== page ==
What Credit Unions Can Learn From Macklemore and Justin Bieber

In the credit union industry, it is common to think we need to make ourselves appear as large as possible to compete against the big banks. The general philosophy is that people want tons of locations, massive infrastructure, and a big name that they hear and see everywhere they turn. While I wouldn’t mind having the marketing budget of one of these organizations…I disagree with the general idea here. I think credit unions are missing the boat of using our size to our advantage.

Just look at the world today – a nobody can become a somebody overnight just by being different and knowing their audience. Have you heard of Macklemore? He is a singer/rapper from Seattle and even if you don’t like his genre of music, his story is relevant to you. His songs, including Thriftshop and Can’t Hold Us seem to be everywhere over the last couple of months – and he is the first unsigned artist to reach #1 in the United States in nearly 20 years. He doesn’t have a record deal. He is just a guy from Seattle, who relied on word of mouth, social media and blogs to spread the word about his music. And it worked.

If you don’t relate to Macklemore…think about Justin Bieber. Only five years ago there were no “Beliebers” out there. Biebs put his music on (and was discovered via) YouTube.  Many people relate more to artists like this because they didn’t grow up in the industry. They are different. They are real people. They deserve a chance to shine.

Credit unions started out similarly. People loved us because we were smaller, home-town, and different from the big institutions. Over the years, credit unions have changed, but we need to get back to our roots if we want to evolve with the world around us and survive. The good news? Because we are still smaller and different, we can evolve easier than the big banks.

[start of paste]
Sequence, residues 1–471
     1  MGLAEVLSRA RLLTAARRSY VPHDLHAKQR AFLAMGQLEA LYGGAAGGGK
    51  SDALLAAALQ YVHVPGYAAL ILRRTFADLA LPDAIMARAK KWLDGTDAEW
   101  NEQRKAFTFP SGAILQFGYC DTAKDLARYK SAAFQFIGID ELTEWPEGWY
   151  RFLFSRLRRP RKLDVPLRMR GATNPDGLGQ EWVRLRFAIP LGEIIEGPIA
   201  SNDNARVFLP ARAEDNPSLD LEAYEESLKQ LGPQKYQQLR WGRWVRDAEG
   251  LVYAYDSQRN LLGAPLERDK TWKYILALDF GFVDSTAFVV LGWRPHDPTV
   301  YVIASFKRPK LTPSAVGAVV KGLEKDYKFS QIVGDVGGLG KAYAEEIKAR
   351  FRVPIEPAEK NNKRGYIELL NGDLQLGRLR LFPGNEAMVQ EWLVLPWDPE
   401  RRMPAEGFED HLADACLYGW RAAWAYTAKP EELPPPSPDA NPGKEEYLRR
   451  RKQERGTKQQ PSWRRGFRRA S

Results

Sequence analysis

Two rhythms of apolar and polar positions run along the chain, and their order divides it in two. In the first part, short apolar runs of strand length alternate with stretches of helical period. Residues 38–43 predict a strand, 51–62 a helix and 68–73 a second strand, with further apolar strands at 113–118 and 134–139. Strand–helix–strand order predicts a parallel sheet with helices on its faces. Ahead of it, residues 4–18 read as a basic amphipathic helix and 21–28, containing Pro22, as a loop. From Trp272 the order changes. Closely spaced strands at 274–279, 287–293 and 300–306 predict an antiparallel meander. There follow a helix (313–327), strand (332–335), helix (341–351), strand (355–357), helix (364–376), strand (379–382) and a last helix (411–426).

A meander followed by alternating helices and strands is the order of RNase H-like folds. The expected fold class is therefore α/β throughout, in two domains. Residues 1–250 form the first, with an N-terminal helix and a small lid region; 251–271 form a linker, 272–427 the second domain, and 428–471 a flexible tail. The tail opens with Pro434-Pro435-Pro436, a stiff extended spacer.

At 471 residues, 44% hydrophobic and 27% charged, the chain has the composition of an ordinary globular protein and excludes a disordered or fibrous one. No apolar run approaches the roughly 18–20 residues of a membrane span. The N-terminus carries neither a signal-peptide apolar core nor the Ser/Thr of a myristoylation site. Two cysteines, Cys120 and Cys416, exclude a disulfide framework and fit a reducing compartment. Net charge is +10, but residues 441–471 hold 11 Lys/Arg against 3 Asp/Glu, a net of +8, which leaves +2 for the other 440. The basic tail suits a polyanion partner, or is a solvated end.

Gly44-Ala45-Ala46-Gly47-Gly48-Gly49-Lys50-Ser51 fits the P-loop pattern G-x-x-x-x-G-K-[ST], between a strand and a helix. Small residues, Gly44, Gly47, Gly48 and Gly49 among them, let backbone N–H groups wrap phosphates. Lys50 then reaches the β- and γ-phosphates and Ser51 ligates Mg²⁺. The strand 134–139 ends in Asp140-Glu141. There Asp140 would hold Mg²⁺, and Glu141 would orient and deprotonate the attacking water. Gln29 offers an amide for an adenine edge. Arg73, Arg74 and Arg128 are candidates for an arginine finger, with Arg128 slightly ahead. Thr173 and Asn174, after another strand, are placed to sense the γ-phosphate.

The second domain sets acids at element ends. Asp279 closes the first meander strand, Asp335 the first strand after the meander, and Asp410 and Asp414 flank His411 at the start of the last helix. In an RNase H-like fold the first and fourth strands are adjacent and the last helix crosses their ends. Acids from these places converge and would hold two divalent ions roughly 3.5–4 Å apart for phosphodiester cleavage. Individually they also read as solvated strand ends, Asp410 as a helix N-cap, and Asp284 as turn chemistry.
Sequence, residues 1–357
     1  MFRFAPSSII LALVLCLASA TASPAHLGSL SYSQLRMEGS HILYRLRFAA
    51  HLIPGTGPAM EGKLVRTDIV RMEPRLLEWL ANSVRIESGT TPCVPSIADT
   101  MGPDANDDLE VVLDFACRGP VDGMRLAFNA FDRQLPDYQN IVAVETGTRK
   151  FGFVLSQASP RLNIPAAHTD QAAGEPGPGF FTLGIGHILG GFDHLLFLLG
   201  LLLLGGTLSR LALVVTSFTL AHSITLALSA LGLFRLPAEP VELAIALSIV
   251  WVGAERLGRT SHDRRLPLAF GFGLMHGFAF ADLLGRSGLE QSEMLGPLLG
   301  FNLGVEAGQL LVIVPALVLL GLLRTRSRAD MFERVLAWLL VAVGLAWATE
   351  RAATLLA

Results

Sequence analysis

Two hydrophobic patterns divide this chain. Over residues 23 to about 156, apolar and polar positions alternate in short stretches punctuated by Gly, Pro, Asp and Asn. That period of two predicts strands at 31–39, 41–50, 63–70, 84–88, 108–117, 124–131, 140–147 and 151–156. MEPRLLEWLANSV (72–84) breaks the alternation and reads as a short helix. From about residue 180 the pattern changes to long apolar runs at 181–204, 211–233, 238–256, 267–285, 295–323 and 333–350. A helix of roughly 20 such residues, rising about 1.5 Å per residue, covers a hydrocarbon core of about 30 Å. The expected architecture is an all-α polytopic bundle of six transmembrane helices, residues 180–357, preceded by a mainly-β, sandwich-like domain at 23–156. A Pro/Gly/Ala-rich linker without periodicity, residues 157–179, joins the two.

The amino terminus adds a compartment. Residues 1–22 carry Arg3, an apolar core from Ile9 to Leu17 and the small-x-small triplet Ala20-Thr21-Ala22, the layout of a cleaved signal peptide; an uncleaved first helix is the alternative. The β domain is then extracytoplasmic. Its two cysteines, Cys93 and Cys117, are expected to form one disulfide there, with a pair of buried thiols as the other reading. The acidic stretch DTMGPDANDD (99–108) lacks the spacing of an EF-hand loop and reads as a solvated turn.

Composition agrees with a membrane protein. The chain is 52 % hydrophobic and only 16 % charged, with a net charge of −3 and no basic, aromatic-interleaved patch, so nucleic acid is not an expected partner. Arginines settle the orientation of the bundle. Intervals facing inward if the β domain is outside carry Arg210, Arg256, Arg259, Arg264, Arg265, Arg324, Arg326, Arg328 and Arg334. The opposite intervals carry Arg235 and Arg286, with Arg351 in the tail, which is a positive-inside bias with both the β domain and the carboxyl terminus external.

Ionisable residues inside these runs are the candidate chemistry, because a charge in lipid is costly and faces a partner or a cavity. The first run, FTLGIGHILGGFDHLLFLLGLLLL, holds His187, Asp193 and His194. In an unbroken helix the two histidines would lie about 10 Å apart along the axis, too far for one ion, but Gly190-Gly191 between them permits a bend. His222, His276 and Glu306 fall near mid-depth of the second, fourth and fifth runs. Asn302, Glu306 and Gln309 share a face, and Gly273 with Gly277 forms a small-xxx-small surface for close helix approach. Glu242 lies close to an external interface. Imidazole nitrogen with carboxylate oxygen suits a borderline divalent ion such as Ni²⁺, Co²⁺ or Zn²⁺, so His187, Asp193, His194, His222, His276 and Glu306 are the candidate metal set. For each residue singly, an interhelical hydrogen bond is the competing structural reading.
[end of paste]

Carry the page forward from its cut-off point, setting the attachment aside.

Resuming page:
The best way to do this? Find your niche and really live it:

  • If you have a general or community charter, think back to your SEG. It’s easier to market to a specific group of people that have something in common.
  • What ties the people in this group together?
  • What makes them different from other groups?
  • Is there a large group of this particular type near your branches?
  • Is anyone specifically serving this group already?
  • What products and services can you offer that will really make a difference for your group?
  • Can you commit to this group even if it means some other groups may not like it?

There are a thousand more questions you should ask at your credit union before picking a niche, and you need to be prepared to really show the group that you are different and the best choice for them. It will take a lot of time, effort, and some money, but it is worth the results. If you are not able to fully commit, don’t go for this strategy. Just like animals that can smell fear…these groups can smell the insincerity. The repercussions of doing something like this halfway are worse than doing nothing at all. To learn about some credit unions who are finding success in their niches, I recommend reading Filene’s Credit Union Market Niches: Social and Demographic Opportunities. When you find your niche, they will talk about you everywhere they can – and you could be the Macklemore or Justin Bieber of credit unions.

Melina Palmer

Melina Palmer

Why do people say one thing and do another? What really drives behavior? How does the brain actually work – and how can we best communicate with it? What does that ... Web: www.thebrainybusiness.com Details